The Wondrous Art of Giving Which is Beyond Giving

Dana is giving. The paramita of dana is giving to help liberate others.

We cannot help but to be giving in this life. This is how the cosmos operates. All phenomena are dependently co-arising in the midst of this singular Bodhisattva vow from before time, with the sole aim of helping beings to grow, to awaken.

Dana is the Sanskrit word for giving. It is also one of the perfections (also called paramitas in Sanskrit). We don’t just practice giving in the Great Vehicle. We practice the perfection of giving, which is selfless giving, but it’s not just giving without a concern for self. You have to understand that this is not the ultimate giving yet.

The ultimate form of giving is giving that is completely at one with the spirit and means appropriate to Great Vehicle of liberation. Food, shelter, clothing, health–these are all important, but by themselves, they do not account for great giving beyond giving. For great giving beyond giving, we have to not only let go of the giver, the receiver, the gift, and the merit of giving, but we have to do all of this with a mind that is in tune with how such giving can help to bring a seed of enlightenment into the karmic storehouse of the recipient.

Great giving is difficult to do for most of us, but only because we carry so much “I” around with us. To not be able to truly give is great suffering and is normally rooted in emotional and intention-based karmic obstructions. Some, however, suffer instead from a form of mental confusion which may be biological in nature and which prevents the clarity needed to intentionally perform great giving, great generosity. These individuals suffer greatly because they suffer through no fault of their own intentions, at least not in this lifetime.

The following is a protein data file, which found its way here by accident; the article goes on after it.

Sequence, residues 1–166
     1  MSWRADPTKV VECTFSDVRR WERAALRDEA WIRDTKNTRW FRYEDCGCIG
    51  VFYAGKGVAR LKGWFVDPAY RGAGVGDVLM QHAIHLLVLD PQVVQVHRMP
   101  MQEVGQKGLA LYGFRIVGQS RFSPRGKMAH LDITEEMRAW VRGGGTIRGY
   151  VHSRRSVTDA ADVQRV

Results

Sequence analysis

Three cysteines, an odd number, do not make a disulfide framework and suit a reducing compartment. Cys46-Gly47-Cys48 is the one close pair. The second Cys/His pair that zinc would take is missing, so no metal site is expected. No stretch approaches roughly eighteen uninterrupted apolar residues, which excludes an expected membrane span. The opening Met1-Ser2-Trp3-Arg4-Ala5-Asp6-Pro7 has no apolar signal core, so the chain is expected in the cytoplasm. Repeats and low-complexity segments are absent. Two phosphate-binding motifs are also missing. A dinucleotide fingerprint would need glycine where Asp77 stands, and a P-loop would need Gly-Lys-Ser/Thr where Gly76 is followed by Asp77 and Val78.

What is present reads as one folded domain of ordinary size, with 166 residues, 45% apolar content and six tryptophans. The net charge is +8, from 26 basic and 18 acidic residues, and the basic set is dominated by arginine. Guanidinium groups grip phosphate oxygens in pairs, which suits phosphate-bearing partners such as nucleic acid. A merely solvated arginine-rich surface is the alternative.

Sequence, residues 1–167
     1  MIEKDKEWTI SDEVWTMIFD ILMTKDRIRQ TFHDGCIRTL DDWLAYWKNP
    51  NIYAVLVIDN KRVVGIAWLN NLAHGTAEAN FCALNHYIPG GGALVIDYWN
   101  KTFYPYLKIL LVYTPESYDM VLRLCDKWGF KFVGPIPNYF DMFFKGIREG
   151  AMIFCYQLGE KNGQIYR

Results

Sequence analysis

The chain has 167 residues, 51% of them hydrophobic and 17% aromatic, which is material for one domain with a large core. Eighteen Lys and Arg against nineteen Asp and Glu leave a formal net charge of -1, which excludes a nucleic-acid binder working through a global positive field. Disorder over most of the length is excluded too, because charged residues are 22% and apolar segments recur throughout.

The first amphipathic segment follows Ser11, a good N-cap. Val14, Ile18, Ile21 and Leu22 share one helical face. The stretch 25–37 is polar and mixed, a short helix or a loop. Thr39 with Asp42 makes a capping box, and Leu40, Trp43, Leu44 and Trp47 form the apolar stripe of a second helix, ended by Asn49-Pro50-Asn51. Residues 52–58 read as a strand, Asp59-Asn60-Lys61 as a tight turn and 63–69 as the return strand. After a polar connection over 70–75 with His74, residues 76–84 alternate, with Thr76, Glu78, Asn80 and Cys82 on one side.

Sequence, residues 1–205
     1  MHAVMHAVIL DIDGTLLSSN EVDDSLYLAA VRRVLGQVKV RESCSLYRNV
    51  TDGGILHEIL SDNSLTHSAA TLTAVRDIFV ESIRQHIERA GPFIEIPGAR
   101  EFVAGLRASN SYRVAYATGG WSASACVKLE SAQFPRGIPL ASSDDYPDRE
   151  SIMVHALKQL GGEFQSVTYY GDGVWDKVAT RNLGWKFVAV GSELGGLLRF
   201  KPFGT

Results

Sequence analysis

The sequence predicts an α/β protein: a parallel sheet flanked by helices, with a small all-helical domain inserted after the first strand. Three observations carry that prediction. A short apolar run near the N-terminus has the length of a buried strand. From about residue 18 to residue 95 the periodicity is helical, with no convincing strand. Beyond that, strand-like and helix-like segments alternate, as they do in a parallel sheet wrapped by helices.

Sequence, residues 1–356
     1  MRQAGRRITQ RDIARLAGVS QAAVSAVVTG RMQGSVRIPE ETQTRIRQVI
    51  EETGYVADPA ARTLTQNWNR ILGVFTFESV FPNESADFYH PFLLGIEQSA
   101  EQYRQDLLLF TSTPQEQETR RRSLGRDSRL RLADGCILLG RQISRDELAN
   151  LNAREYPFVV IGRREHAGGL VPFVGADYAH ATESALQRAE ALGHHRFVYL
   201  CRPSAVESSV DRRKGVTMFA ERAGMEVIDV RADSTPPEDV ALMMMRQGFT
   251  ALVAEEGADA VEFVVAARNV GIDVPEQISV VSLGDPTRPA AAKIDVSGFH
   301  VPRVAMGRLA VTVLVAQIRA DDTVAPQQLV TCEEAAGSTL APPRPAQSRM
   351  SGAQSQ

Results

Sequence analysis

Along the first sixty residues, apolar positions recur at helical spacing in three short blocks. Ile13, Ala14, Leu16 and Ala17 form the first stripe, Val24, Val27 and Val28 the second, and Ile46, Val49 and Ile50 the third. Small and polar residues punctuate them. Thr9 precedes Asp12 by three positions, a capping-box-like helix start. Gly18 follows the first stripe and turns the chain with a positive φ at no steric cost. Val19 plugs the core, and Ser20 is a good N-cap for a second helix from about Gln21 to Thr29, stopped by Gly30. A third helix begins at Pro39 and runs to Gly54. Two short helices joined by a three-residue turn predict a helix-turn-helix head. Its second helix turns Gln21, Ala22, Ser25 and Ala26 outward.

The Great Benevolent Giving of Buddhas is setting free the imprisoned among us, those who would follow the Pathless Path if not for some petty physical or material obstruction in their path (rather than some karmic emotional stance or set of stubborn views). These helpless beings require our first attention, because such beings are awaiting to be freed from karma they feel no connection with any longer in this life. I would like to propose that you are such a being needing liberation. I would also now like to propose that you may be the best liberator of that imprisoned being.

The liberational power of Great Giving is to give without thought of merit, for the sake of planting the seeds of liberation from karmic obstructions in self, and others around you. The best way to do this? Live each day as a gift to the awakening Buddha within you. Wise, liberating giving will naturally flow out of this way of living, and it will always be the most appropriate giving to the circumstance, carefully cultivated in each moment with the fully wholehearted adamantine vow of the Bodhisattva.

Photo Credit (top)

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About TheBuddhaWay

An American Soto Zen practitioner.
This entry was posted in Dharma, practice and tagged , . Bookmark the permalink.

One Response to The Wondrous Art of Giving Which is Beyond Giving

  1. Pingback: The Art of Giving | Matthewscottwallace's Blog

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